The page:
A diversion from the road for a moment.
I recently received a note from another writer attending a fiction workshop in California. I was told that in the course of the workshop the instructor handed down a dictum, something we all do when we’re trying to deliver as much information to students as we can in a too short a time. The dictum was essentially this: Fiction should never deal with issues. Fiction is about story, about motivation, about people, about relationship. It is not about issues. Which is something I might have said ten years ago. But I feel very differently now.
In fact, one of the reasons I like writing mysteries is that it allows me to seduce readers into thinking about issues, very often from a perspective they might not otherwise have considered. In my work, I’ve slipped in an overview of the controversy concerning the economic necessity of logging vs. the rape of the land (Purgatory Ridge). I’ve dealt with the heartbreaking consideration of all the children whom we turn our backs on in this society and who are eventually lost to us (Copper River). I’ve dealt with Indian gaming casinos and the affect they have on both the Ojibwe and the white communities. I’ve discussed drugs, on and off the reservation, and the understandable reasoning behind the rise of gangs (Red Knife). And always through my work runs the undercurrent of racial prejudice.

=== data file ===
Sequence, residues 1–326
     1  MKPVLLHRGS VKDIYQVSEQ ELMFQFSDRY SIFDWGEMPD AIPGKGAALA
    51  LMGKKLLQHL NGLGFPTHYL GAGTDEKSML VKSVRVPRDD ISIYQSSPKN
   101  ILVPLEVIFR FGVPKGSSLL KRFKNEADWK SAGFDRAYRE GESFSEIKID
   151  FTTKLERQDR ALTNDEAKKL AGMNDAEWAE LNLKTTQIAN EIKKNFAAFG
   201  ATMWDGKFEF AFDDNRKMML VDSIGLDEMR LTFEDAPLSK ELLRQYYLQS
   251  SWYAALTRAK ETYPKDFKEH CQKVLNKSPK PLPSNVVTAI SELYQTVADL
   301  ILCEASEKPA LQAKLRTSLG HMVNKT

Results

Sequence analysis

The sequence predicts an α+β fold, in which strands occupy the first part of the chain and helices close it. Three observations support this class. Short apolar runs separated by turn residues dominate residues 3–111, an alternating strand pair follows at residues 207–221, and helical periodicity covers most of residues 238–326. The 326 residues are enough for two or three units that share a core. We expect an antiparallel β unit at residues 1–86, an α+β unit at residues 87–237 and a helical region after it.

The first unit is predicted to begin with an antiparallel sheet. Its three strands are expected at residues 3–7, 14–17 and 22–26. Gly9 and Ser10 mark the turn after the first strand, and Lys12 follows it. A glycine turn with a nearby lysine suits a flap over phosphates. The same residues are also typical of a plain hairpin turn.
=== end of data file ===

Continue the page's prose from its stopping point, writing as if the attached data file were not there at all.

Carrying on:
What is true is that in all this the bottom line is the human factor. How do these things affect the people involved? Non-fiction, it seems to me, often deals with the statistics of an issue. It’s a macro view, often clinically distant. Fiction offers the micro view, the dirty, nitty-gritty of what all the sociological or psychological or economic terminology tries loftily to define. It is, as the instructor so wisely suggested, about story, motivation, people, relationship. But it tends to be about the force or forces that can warp human beings or break them and against which admirable people try to stand.
In my own experience, the best non-fiction are those pieces of writing that take a true event and create a compelling narrative, which means they make it about people, not simply about issue.
Great stories are about conflict. And if, in my work, I use an issue to generate that conflict, so much the better. But the conflict is never about the issue. It’s always about people on one side or the other, ordinary folks who, in response to threat, rise to extraordinary action.
I sometimes get emails from readers who object to the fact that my admittedly liberal, bleeding-heart sensibilities often find their way into my work. But I can recall only two who told me they won’t read my books because of it. Not a big deal. Honestly, how often is it that you have an opportunity to stand on a soapbox without giving the other side a chance for rebuttal?
I do try to play fair, but it is, in the end, my game.